Posted by: rosyroadsadventures | September 17, 2012

(More) Tales of Aruba

N 12° 31.04′   W 70° 02.3′

Oranjestad, Aruba.

Another beautiful Aruban sunset. Love the view from our slip at the Renaissance Marina.

 

The weather forecast is teasing us. A beautiful weather window appears on the horizon, fades, improves, moves up, worsens. We’re making plans to leave the next day and then we’re not.

We realized it was time to check off as many pre-departure tasks as possible so we can move quickly when the time finally comes.  Bob put his book down to attend to various engine room maintenance items. I rented a car to make another big Aruba shopping venture. This was possibly my “last hurrah” in English-speaking markets until we get back to Florida and I felt the need to hoard a few more supplies. Canned no-need-to-refrigerate-before-opening Dutch butter was at the top of the list, along with longer lasting cheeses including cheddar, feta and brie since I was told by other cruisers that the cheese selection in Colombia is very limited relative to American tastes.  American-style crackers and sauces, whole wheat flour, peanut butter, chocolate, dog food and canned corn beef hash – the only food item the Captain can prepare if the cook becomes incapacitated – were other items stockpiled as much as expiration dates and space would allow.  No one, human or canine, is going to starve on the Mar Azul.  I am now the proud owner of 16 cans of Dutch butter plus one I opened to prove to Bob that the product really was a worthwhile purchase after he reminded me of the French box-wine fiasco where I failed to taste before buying.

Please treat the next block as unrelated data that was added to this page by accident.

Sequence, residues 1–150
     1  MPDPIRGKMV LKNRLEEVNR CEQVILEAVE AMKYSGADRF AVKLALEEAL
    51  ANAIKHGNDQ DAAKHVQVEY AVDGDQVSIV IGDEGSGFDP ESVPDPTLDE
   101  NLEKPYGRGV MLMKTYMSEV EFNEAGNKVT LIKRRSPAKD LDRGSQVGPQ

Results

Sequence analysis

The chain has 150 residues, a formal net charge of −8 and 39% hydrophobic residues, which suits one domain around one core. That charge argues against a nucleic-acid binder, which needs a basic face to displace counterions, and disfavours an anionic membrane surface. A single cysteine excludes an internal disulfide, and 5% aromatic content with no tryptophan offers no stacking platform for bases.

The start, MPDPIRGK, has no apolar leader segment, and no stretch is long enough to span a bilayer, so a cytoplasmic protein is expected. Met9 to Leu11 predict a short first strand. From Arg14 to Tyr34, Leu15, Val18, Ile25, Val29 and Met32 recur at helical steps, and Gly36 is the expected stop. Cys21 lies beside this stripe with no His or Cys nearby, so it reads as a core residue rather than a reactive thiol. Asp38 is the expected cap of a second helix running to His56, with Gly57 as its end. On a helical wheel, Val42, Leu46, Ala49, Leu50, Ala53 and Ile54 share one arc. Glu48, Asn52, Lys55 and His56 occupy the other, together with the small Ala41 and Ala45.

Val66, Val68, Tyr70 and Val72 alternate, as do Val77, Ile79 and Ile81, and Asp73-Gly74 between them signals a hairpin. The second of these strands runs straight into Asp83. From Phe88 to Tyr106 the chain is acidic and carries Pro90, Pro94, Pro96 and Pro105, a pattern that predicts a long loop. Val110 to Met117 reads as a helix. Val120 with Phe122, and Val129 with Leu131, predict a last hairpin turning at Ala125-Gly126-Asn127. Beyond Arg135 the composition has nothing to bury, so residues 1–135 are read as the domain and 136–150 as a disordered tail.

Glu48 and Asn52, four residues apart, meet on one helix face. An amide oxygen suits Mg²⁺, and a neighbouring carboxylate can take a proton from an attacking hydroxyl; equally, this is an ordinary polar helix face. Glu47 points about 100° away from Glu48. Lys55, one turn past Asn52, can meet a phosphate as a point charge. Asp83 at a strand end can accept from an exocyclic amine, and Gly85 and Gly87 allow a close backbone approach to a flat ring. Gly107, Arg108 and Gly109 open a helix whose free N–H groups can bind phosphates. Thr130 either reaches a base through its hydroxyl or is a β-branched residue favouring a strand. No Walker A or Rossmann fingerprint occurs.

The Captain is going to appreciate this stuff while we are in the San Blas